Veterans are overrepresented in the homeless population. In 2010, veterans accounted for 10 percent of the total adult population and 16 percent of the homeless adult population, according to a U.S. Department of Veterans Affairs (VA) report released last September.
One major factor contributing to veteran homelessness is challenges finding work. The unemployment rate for veterans who served on active duty in the U.S. Armed Forces at any time since September 2001—a group referred to as Gulf War-era II veterans —was 9.9 percent in 2012, according to a U.S. Bureau of Labor Statistics report. Within this group, the unemployment rate for men was 9.5 percent, while that of women was was much higher at 12.5 percent. The unemployment rate for nonveterans was 7.9 percent the same year.
Like Leanna, a significant number of veterans return home with disabilities that limit their career options. Nearly 3 in 10 Gulf War-era II veterans report having a service-connected disability, according to the Bureau of Labor Statistics.
Many veterans experience barriers transitioning into civilian life, and some become homeless. Between now and Veterans Day, November 11, our “From Soldier to Civilian” blog series will examine barriers that veterans, and women veterans in particular, face as they re-enter civilian society. We’ll also share suggestions from experts—veterans themselves—on making the transition easier.
The need for affordable childcare
Leanna suggests one systemic fix that would help a lot of veterans: increase access to affordable childcare. Service providers and homeless women veterans consistently identify childcare as a top unmet need of homeless women veterans. The high cost of childcare is a common barrier for many jobseekers; we posted a five-part blog series about this problem and policies aimed at fixing it last year.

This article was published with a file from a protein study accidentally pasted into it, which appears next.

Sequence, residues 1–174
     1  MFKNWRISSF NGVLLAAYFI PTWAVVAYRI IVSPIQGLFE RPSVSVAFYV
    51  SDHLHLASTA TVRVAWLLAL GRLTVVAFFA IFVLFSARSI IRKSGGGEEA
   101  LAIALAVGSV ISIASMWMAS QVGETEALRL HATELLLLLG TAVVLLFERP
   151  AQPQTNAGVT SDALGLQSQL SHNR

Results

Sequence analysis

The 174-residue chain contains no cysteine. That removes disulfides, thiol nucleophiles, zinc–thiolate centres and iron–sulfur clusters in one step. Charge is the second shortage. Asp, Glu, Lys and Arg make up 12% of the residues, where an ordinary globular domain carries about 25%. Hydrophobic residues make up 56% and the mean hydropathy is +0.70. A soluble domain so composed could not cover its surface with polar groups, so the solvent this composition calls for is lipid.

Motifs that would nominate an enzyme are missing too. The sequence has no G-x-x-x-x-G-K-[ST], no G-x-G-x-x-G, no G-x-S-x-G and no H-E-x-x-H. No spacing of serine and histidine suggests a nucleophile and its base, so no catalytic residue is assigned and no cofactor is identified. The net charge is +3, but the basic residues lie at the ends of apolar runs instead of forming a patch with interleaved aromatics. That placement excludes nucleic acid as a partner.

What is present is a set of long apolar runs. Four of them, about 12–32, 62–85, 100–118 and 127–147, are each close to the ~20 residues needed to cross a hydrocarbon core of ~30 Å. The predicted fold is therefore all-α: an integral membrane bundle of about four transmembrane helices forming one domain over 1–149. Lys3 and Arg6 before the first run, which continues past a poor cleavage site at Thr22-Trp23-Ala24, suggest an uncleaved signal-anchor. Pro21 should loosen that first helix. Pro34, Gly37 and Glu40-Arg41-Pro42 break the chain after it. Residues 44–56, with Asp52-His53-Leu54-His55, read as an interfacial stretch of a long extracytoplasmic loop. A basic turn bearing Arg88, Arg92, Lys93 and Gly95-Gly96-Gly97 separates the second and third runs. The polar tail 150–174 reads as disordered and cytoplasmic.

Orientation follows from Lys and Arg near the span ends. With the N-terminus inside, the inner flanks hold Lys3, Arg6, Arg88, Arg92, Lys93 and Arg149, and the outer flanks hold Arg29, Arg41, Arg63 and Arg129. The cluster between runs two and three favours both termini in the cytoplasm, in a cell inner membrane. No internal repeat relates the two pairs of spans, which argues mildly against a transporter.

Leanna had to call in a babysitting favor from a relative to get to the two-hour meeting where she introduced herself to me. She told me the lack of childcare not only creates a barrier to working, but also to accessing VA health care for her back injuries.
“I don’t even go to the VA unless it’s an emergency, because there’s no childcare. What would I do there with my four kids?” she asked.
Leanna added that on the rare occasions when she does go to the VA, she feels out of place.
“People ask me if I’m there to visit someone,” she said.
Perhaps the first step toward helping women veterans is recognizing they exist.
- “The Road to Stability: A discussion about the barriers women veterans face when they come home” is an illuminating report on a panel discussion of women veterans in Washington state who shared their experiences of homelessness. Veterans and service providers engaged in a dialog about solutions. Catholic Community Services, Seattle University’s Project on Family Homelessness and the Washington State Department of Veterans Affairs convened the panel in 2011. You can also check out a KING-5 interview with some of the women from the panel.
- “Homeless Female Veterans,” a white paper from the National Coalition for Homeless Veterans, explains risk factors for homelessness among women veterans, and lists resources available to them.
Are you a veteran who would like to share your story? Send an email to Firesteel Advocacy Coordinator Denise Miller: email@example.com.